How can we maintain a healthy relationship with our children if we reveal their foibles for the world to see – on our daily television show, newspaper column, or online blog?

And most importantly, how can we maintain our own sense of self-respect if all of our life experiences, all our innermost thoughts and goals along with every momentary impulse are expressed on our Facebook page? Facebook seems to have the dubious distinction of making exhibitionism and voyeurism socially acceptable.
Daniel Henninger of the Wall Street Journal suggests that we’ve lost all sense of discretion as well as many other crucial and valuable character traits (WSJ 4/26/12):
“Discretion, before its recent death, had many allies – judgment, common sense, prudence, reticence and the two better selfs, self-control and self-discipline.”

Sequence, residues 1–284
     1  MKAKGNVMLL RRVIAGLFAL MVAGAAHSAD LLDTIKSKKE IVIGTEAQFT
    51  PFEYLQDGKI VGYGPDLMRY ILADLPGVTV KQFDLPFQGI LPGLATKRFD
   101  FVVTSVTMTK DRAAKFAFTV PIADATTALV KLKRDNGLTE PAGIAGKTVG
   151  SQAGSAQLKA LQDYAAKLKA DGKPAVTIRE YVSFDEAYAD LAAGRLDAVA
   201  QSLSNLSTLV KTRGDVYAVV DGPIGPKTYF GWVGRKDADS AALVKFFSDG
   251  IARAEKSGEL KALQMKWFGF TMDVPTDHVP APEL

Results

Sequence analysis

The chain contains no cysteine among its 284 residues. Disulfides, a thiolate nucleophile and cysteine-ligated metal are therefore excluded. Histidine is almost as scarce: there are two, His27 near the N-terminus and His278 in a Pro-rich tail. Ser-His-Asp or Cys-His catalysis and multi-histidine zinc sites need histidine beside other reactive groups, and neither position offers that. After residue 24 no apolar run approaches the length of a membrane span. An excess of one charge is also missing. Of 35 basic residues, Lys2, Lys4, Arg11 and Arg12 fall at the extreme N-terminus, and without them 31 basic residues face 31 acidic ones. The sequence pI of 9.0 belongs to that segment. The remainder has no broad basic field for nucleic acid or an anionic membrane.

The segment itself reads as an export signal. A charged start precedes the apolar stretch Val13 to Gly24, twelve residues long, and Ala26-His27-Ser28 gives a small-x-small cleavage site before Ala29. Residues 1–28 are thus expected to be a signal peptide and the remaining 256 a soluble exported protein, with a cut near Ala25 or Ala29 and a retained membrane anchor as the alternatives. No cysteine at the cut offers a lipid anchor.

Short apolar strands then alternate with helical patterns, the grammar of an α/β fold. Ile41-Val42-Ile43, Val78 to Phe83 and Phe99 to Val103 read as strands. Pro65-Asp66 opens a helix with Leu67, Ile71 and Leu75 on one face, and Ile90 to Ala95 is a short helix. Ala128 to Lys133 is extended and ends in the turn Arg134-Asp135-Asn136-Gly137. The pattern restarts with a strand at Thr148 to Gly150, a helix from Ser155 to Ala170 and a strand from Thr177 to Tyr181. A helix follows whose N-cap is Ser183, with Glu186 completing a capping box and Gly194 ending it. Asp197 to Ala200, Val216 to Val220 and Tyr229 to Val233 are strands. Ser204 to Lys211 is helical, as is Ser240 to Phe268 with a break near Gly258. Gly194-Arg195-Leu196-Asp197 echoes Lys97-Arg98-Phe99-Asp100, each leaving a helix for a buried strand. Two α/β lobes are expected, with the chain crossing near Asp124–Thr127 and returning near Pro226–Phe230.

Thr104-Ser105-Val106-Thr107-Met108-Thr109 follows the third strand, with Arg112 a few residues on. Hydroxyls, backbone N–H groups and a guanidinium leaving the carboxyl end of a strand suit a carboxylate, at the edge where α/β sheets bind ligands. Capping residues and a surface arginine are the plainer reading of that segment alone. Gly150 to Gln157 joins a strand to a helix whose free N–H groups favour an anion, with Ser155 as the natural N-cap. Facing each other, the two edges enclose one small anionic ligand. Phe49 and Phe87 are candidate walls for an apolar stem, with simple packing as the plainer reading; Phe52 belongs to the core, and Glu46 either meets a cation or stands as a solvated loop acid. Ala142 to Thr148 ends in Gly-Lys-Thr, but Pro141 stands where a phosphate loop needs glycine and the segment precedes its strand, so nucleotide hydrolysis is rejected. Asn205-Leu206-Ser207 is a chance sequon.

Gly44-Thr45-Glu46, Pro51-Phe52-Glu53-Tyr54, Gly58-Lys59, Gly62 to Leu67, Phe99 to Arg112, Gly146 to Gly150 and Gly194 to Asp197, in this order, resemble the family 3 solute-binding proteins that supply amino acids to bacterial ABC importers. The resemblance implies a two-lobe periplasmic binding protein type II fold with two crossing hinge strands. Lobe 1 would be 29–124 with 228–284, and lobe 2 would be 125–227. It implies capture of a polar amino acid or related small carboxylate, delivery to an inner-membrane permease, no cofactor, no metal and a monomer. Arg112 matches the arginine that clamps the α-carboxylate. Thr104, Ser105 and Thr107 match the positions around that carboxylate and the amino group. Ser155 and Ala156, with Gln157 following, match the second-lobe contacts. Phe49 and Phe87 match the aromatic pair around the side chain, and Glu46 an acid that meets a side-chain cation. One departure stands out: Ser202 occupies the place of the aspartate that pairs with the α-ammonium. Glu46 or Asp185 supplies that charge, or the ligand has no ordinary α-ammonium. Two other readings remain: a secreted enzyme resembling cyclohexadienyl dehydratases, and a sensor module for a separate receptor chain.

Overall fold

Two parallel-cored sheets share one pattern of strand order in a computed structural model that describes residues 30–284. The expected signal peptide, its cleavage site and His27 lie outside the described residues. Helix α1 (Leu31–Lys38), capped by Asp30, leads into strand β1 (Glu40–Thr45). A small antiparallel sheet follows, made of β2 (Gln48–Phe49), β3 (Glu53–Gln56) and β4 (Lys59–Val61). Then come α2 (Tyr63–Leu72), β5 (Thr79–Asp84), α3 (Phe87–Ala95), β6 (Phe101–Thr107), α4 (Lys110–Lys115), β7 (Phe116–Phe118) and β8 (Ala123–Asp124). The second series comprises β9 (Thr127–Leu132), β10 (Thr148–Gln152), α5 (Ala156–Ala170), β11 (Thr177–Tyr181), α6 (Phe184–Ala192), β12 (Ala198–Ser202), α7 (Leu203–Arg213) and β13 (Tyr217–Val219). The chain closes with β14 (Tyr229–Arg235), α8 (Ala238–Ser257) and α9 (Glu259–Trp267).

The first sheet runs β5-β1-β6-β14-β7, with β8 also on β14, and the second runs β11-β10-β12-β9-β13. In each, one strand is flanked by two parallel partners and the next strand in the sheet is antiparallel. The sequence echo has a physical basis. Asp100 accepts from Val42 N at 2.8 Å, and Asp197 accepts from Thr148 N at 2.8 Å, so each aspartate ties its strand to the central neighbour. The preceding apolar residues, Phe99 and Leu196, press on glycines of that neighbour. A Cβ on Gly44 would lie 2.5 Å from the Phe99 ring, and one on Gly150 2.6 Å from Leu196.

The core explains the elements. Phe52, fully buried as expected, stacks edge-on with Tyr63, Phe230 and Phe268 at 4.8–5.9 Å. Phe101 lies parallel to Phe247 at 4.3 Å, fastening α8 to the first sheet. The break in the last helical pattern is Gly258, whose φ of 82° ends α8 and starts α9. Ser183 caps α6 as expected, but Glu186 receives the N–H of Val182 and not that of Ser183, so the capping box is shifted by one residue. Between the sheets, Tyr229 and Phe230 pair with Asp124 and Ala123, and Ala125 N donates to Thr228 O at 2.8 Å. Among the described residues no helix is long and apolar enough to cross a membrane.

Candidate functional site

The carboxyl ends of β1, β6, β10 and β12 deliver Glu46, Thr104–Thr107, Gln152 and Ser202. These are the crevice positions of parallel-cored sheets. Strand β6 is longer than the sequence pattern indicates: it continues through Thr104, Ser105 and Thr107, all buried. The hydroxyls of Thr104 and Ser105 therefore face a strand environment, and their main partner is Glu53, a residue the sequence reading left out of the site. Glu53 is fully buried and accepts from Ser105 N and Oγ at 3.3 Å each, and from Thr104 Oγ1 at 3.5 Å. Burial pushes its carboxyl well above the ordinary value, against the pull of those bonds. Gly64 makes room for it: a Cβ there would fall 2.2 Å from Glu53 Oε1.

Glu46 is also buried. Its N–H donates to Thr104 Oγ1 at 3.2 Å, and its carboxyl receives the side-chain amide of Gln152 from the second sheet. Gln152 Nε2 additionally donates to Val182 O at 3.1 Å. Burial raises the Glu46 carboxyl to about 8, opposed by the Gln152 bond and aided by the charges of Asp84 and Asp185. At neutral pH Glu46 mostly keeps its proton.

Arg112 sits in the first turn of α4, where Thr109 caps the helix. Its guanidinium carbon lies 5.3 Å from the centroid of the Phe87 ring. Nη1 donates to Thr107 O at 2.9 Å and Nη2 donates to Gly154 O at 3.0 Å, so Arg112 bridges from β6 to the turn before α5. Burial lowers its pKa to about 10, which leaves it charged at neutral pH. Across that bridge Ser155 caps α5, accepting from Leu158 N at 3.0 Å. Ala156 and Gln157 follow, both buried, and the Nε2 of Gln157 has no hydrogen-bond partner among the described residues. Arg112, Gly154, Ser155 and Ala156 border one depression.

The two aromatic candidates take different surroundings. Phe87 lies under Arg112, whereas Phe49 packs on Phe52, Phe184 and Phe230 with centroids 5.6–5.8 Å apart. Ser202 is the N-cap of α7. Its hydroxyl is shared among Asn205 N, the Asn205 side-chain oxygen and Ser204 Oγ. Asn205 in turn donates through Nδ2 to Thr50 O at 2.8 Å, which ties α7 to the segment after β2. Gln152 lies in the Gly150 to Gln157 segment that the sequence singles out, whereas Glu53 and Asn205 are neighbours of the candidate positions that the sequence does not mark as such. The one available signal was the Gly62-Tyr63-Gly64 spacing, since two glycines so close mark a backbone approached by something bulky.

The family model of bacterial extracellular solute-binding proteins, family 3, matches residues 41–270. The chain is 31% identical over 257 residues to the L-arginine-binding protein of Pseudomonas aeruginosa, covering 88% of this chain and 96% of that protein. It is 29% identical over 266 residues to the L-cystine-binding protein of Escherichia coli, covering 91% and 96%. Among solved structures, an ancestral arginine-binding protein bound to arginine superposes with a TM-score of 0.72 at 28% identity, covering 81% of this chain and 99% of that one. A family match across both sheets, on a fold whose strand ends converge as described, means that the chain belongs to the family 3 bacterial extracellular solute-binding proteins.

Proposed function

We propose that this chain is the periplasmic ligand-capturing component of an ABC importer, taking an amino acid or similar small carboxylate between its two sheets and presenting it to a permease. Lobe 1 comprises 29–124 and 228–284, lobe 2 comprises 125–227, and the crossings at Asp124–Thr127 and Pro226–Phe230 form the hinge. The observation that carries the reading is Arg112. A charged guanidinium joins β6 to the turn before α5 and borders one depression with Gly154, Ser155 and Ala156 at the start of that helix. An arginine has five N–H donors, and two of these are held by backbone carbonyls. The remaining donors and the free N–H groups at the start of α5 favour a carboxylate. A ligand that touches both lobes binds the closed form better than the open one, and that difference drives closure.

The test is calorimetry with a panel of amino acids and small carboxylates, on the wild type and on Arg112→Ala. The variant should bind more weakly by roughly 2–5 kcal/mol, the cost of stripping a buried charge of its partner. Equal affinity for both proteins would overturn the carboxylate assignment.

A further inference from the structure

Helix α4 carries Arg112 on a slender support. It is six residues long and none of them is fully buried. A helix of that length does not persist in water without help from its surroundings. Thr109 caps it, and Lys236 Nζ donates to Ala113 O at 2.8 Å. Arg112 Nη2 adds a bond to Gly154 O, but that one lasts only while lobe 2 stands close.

I would venture further. Discretion is an aspect of modesty. In the midst of serving the body, we’ve lost our souls. We’ve stopped thinking before we speak. We’ve ceased carefully examining our words before using them. We no longer worry about material excess or bodily indulgence. We’ve stopped trying to preserve our inner core. We’ve stopped noticing our inner core. When everything is public, as my husband would say, “There is no longer any there there.” We’ve lost touch with our souls. We’ve lost track of what’s truly important and of who matter’s the most

Apparently young couples are now negotiating social media rules – what is okay to share and what isn’t. This should be obvious but we’ve lost perspective. Traditionally, the more precious something is, the more we want to protect it – and vice-versa.
We live in an upside-down world where the most important personal details are revealed almost before we say hello – and frequently on national television.

But we don’t have to participate. We can take a step back. We can build some fences. We can try leaving Facebook and Twitter and Pinterest and all social media out of our marriages and personal lives. (I dare you!) We can build our inner world and have the confidence that it can withstand the buffeting of the outer one